LegoWhoseRantsAreBeginningToSoundMoreAndMoreLikeThoseOfThatGuyAtTheCheersBarInBostonWhoSatOnHisArseOnABarsetoolNearNorman!

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    11. Ah yes, and when you think of it "we do" and dog doo are not all that different.

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    12. Dog doo write a dictionary?
      That must be the one by "Harper Collies."

      LegoWhoAdds"OrPerhapsTheOneByBarkhart"

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    13. I thought it was "Harpy Collies."

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    14. "Dictionaries hold a mirror up to the lexicon." And if the mirror doesn't fog, the lexicon is dead.

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    15. Dictionaries are books that ram us with how to pronounce words.

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    16. Dictionaries tell us, among other things, what words mean and how to pronounce them.
      Secondary pronunciations sneak into the language and must be accommodated, no matter how much they grate. Examples are harass, patina and even arctic.
      The rules of grammar are about how to use them.
      The rules about the use of adverbs are the ones that Will Short and Steve Baggish decided in ignore in their excitement of finding a sort of cute phase about a famous person who just turned 100.
      It is obviously not very important, but points out a theme common in Sunday Puzzles: The Master's carelessness.

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  49. My first clue was "e". The letters switched are L and N; LN is a common way to write the natural logarithm function, i.e., logarithms to the base e = 2.71828...

    My second clue was "Reminds me of another square number." N. L. turned 100 on July 27.

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  50. Math geeks will know that the number e also appears in the equation of the bell curve for the "normal" distribution. I noted that t would be better yet, since the t-distribution is, in fact, "near normal."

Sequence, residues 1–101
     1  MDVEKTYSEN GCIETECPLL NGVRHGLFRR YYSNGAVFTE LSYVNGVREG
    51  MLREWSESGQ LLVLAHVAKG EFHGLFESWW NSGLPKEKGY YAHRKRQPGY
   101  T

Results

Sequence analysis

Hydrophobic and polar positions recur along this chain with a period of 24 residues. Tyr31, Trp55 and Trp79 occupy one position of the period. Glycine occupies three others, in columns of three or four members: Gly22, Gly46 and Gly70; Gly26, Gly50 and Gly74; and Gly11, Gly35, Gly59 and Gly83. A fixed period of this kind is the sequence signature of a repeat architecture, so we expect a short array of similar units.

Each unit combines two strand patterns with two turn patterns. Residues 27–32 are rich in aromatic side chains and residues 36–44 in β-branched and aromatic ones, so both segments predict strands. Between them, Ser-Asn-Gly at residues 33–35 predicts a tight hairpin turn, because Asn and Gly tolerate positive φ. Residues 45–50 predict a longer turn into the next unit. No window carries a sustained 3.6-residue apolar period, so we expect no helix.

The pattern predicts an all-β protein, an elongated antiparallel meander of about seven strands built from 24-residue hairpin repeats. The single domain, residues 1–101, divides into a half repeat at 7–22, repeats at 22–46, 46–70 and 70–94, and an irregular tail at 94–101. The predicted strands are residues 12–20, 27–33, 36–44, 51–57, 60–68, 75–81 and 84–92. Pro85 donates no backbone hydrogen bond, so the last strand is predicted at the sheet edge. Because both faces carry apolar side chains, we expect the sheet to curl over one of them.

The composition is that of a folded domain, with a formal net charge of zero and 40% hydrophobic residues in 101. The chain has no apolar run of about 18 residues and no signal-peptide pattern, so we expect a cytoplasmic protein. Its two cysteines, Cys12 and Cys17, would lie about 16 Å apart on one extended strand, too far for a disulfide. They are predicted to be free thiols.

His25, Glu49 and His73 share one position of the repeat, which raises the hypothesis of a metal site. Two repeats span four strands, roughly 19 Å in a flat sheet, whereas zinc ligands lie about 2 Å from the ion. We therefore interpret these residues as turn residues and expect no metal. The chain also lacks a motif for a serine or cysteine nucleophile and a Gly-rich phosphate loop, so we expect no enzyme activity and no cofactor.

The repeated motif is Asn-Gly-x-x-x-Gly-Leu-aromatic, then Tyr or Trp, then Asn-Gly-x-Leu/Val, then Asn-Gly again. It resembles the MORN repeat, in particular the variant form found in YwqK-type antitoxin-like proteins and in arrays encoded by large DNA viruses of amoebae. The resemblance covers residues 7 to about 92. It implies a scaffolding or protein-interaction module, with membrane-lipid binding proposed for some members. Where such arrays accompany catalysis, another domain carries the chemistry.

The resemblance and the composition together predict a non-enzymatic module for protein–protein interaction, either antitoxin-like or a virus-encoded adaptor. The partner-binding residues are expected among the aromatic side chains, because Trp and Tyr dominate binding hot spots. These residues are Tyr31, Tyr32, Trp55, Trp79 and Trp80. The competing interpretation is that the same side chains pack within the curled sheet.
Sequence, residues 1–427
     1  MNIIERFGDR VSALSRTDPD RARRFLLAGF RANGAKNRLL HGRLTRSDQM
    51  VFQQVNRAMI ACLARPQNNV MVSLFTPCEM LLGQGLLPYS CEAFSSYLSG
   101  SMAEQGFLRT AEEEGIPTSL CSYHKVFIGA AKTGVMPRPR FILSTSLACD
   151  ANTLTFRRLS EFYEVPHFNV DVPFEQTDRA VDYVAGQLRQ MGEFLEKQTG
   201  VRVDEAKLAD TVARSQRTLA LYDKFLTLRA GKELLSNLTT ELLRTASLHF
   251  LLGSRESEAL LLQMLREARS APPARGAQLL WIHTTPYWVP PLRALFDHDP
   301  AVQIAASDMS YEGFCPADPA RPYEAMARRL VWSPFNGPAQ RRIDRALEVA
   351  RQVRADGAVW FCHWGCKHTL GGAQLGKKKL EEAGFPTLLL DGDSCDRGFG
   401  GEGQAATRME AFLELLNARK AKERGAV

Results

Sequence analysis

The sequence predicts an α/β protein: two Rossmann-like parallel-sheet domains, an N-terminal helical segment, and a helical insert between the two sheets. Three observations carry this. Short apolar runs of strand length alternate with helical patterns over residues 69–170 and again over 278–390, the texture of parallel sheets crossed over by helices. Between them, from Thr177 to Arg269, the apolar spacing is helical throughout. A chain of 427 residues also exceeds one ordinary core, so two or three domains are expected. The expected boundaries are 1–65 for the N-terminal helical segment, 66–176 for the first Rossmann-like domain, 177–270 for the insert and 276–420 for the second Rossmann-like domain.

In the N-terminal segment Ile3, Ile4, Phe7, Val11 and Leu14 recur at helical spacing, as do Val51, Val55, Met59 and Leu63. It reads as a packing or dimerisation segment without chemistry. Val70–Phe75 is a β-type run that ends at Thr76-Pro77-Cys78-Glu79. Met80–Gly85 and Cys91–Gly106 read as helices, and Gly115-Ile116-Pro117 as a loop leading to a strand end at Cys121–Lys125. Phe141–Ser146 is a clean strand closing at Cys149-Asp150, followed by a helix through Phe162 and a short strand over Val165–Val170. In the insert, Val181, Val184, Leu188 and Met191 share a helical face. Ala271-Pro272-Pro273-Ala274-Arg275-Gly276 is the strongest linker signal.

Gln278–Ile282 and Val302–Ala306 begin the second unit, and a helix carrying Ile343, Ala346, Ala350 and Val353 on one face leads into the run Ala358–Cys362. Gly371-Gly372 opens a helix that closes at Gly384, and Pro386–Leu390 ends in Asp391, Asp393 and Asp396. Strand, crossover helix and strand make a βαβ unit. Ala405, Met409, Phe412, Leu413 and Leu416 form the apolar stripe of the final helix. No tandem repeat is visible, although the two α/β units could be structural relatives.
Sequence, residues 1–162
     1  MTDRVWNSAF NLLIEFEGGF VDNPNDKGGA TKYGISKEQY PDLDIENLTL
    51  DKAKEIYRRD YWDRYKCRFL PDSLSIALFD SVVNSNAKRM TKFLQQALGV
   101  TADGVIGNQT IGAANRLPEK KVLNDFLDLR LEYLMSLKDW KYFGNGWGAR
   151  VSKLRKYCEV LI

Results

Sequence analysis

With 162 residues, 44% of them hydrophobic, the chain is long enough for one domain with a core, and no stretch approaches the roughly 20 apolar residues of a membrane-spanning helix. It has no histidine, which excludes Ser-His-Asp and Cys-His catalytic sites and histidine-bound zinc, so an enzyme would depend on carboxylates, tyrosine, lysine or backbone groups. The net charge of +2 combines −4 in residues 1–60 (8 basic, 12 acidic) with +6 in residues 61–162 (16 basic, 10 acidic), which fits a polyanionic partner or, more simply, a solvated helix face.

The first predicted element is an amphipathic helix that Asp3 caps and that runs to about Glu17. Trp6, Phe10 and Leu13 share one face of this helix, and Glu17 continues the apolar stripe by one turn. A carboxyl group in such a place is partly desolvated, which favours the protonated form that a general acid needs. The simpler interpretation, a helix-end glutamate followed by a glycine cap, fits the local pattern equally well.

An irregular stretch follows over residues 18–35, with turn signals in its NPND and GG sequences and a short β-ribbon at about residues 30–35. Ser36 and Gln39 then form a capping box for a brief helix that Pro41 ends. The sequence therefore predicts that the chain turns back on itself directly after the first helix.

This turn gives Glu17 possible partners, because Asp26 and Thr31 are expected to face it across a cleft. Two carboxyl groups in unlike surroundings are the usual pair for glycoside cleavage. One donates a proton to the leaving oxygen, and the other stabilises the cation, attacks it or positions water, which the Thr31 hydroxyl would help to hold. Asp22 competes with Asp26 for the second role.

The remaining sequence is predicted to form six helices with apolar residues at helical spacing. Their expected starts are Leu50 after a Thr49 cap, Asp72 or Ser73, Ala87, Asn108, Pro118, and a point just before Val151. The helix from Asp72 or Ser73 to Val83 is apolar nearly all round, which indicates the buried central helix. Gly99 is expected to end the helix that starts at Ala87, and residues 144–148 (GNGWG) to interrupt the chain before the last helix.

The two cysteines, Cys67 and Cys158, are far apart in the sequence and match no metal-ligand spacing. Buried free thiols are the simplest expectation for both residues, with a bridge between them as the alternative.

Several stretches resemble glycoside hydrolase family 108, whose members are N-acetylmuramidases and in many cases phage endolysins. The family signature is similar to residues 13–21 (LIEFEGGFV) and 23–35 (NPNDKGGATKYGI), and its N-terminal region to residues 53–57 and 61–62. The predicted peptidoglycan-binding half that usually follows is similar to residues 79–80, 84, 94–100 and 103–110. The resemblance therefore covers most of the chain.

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  51. I told Rob. "I don't trust that a bit." IOW I am leery.

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  52. Norman Lear --> near normal

    Last Sunday I said, “I view my solution as a victory over Sunday Puzzledom,” a conquest so to speak. Like the Norman Conquest. Like Norman Lear.

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  53. While Blaine wasn't looking, Norman Lear appeared on television during the airing of a retro-salute to All in the Family a few years ago. The presentation ended with a short live interview. Also, he appeared as the recipient of an award at The Kennedy Center which was televised on Public Television.

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  54. Of course Norman Lear is about as close as a name gets to being a Mormon leer, if there even is such a thing.

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    1. But seriously, while I thought Norman Lear to be an interesting person to hear talk, my take on him has always been that he eagerly helped himself to a double shot of nationalistic Kool-Aid and then asked for another.

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  55. My clue "Aw, sweet mystery of life!" is what Madeline Kahn sang after a rather satisfying encounter with the monster in the movie Young Frankenstein. (He had received an abnormal brain when Igor mistakenly retrieved the brain of "Abby Normal.")